of your brush is by holding Alt option on the Mac, and right clicking and dragging left
and right to increase the size of the brush, and up and down to adjust the smoothness of
that brush. So, in this case, I want a fairly smooth brush
and a brush about that big. And I’m just going to paint where I want to
conceal that effect. What I’m doing here is bringing more attention
into the subject by making the background darker. And then I can reduce the opacity accordingly,
just to get a much more interesting effect. And again, just like everything else, everything
is subjective, so you can decide how you want to mask out that darkening effect. So, that’s before, and after. And that still might be a little too dark
so I’ll bring down the opacity to 50%, before, and after. Then, I’m going to rename the curves adjustment
layer. And I’ll just call it Darkening. I like having all my layers named so that
I know what they control. With the top layer selected, I’m going to
hold shift, click on the bottom layer, the one labeled Color Tone, and press Ctrl G,
Command G on the Mac, to put that into a group And I’ll call this group Cooling Effect. So, we made a cooling effect just using those
adjustment layers. And actually, now that I’m looking at it,
there’s one other change that I want to do that I really didn’t think about until just
now, so we’ll see how that works. With a hue and saturation adjustment layer
selected, I want to change some of these reds because the image is really blue, and blue
contrasts better with orange. So if we make these reds orange, because blue
and orange are complementary colors, as you’ve seen in my cinematic color grading tutorial. There’s a link down below in the description
if you wanna know what I’m talking about. But, I think that it would look much better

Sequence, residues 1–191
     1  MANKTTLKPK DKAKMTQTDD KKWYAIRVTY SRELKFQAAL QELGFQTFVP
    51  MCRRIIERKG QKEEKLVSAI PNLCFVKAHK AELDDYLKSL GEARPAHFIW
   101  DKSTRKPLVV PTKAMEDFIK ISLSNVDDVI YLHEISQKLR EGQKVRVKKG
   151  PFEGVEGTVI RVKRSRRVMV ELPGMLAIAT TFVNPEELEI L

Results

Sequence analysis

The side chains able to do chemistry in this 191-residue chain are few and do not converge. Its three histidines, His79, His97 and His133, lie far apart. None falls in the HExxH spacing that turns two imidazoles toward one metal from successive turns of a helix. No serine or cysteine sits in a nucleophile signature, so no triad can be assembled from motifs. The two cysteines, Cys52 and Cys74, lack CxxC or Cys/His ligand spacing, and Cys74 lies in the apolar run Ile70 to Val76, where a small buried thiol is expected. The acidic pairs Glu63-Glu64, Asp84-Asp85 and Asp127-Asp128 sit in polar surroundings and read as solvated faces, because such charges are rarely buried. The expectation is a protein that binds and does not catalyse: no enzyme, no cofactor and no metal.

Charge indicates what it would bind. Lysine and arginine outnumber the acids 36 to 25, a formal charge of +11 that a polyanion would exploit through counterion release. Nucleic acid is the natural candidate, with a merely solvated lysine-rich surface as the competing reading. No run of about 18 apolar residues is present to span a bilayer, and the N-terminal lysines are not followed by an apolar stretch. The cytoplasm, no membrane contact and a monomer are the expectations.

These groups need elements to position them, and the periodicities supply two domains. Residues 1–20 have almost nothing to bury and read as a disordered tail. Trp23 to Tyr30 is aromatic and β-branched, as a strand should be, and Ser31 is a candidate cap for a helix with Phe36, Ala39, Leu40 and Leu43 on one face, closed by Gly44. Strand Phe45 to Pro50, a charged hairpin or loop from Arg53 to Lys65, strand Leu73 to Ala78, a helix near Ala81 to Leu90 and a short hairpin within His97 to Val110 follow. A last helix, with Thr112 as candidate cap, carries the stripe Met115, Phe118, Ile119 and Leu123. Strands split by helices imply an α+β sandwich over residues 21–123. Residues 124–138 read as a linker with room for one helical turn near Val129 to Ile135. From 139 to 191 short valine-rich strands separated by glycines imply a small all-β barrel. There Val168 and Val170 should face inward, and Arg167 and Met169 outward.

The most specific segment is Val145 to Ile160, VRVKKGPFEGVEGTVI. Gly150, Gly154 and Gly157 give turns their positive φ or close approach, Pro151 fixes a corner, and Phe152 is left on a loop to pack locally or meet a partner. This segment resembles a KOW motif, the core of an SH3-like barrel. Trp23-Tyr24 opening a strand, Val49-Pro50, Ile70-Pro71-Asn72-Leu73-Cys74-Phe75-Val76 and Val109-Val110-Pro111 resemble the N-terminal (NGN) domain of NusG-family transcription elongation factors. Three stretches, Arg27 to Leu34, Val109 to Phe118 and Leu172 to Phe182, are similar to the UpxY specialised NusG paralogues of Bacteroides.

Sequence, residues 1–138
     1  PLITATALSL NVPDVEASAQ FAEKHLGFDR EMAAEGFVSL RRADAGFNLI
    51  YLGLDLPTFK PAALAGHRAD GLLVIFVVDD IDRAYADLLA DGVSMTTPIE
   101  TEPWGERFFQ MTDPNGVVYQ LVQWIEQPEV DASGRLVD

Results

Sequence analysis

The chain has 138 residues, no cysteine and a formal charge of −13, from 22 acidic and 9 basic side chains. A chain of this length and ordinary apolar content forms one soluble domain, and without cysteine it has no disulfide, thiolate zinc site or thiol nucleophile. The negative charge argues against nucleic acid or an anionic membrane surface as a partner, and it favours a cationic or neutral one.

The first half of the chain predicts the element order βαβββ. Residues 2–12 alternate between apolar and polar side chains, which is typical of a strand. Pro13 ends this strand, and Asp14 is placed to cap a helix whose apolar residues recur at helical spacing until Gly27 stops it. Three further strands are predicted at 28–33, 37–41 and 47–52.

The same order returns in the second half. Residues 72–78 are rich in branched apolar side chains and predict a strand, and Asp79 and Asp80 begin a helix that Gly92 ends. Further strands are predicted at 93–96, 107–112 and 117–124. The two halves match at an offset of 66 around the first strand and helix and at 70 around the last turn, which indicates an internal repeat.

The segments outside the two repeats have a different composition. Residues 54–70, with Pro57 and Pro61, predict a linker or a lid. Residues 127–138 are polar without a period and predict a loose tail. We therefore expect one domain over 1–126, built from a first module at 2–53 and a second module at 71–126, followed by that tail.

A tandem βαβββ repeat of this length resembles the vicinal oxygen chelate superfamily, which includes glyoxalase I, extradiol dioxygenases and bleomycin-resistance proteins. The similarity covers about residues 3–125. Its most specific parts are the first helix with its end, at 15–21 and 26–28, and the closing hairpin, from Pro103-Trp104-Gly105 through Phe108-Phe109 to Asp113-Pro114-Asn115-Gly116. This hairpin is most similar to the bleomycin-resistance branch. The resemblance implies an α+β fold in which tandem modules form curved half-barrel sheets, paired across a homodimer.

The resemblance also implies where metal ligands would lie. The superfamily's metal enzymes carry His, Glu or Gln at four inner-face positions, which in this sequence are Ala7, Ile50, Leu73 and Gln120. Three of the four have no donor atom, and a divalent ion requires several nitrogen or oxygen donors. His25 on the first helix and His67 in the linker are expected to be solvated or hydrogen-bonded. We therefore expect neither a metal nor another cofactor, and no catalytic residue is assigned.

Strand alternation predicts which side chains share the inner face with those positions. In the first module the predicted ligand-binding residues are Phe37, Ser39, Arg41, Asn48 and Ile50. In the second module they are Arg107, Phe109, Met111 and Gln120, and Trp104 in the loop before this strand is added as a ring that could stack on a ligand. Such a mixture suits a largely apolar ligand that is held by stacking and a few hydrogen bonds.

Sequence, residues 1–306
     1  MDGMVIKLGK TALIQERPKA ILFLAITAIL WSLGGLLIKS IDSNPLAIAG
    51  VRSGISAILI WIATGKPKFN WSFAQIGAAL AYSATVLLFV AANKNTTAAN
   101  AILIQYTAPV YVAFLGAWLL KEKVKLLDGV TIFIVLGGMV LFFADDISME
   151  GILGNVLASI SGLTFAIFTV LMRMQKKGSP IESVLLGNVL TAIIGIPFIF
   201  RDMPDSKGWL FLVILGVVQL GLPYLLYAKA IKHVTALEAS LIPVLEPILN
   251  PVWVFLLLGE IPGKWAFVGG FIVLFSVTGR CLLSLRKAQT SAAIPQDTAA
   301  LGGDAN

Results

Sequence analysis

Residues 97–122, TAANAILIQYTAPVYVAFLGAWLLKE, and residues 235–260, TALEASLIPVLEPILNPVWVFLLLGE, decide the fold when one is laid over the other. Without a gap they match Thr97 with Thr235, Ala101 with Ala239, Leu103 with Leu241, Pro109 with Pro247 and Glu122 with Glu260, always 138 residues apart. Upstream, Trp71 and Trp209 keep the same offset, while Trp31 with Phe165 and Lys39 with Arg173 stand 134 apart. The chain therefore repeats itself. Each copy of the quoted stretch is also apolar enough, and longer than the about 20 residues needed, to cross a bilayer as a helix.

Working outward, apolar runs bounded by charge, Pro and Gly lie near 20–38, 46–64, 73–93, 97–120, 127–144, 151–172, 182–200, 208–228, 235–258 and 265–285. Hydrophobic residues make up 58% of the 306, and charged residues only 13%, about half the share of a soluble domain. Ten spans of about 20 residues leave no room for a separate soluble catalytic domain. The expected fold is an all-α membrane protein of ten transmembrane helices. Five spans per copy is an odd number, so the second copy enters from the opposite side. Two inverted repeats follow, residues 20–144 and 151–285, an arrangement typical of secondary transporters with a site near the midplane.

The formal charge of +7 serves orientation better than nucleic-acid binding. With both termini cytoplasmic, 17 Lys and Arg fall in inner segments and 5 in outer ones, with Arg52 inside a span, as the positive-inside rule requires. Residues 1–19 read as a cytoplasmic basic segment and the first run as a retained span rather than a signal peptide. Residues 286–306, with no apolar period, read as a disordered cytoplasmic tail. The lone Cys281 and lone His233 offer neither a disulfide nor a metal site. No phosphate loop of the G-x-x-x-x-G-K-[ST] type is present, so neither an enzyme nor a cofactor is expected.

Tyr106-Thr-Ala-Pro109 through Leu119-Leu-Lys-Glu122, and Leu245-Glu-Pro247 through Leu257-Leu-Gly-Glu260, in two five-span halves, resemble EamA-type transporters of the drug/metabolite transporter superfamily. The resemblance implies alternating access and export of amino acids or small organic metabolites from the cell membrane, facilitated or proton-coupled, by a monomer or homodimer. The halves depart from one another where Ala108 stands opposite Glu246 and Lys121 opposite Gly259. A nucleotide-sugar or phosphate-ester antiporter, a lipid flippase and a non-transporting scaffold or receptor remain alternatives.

if his shirt had orange instead of red. So, we’ll see if it works. I’m going to click on this icon here. And then click on one of the reds and drag. See that? See when I’m clicking and dragging, I’m changing
the saturation, see that? But, if I click and drag while holding Ctrl,
that’s Command on the Mac, I’m changing the hue, so I can push the hue to the oranges. And I know I’m affecting other parts of the
image like his skin, but that’s okay. I’m not worried about that right now. I just want to make sure I get the right orange
there, like that one there, and then click and drag without holding Ctrl, and click to
the left to reduce the saturation of that orange just a little bit. I think I went too far so I’ll go back up. Somewhere around there. So, that’s before, and after. Next I’ll select the hue and saturation layer
mask thumbnail, and I’ll call the layer Shirt so that I know it’s affecting the shirt. I’m going to press the invert button on the
properties panel with that layer thumbnail selected and it turns it black, of course. So, it hides the effect. White reveals, black conceals. So, the entire layer mask is black so everything
is hidden. Now with white as my foreground color, I can
paint directly over the shirt. And again, I’m not going to take the time
to do a perfect mask, but you’ll get the idea. And so now I’m painting directly over the
shirt, revealing the orange color that we applied with the hue and saturation adjustment
layer. So, that’s before, and after. It’s a subtle adjustment, but I think it works. I think it looks much better with orange. And we can always come back into the hue and
saturation adjustment layer, go back into the reds, because that’s what we adjusted
with the direct selection tool there. And maybe I can increase the saturation. I think it might actually look better with
more saturation. So, before, and after. I can also adjust the hue to maybe change
it to a different shade of orange, maybe more in the yellows, and you can keep fine tuning
it as much as you want. Also, one thing I’m noticing is that in these
areas, I’m not really targeting the reds, and that’s because the target is right here,
right on the red, not the darker shades of red. So, I’m gonna click and drag this to expand
it and select more reds, and I think I will be able to get some of the reds that I missed
right over here. And I think that actually selected those. And I’m also gonna come back and make sure
that I painted over every area that has red over the shirt. And you can, of course, keep fine tuning the
mask and the colors as much as you like. So, that’s before, and after. So, that was the cooling effect. Now let me show you a warming effect using
the same technique. I’m going to click on the eye icon to disable
the group. Then I’m gonna click on the background and
press Ctrl J, Command J on the Mac, to duplicate it, and I’m just gonna drag that into the
cooling group effect, and I’ll drag it all the way to the bottom of the group. And you know what, actually, th- that’s a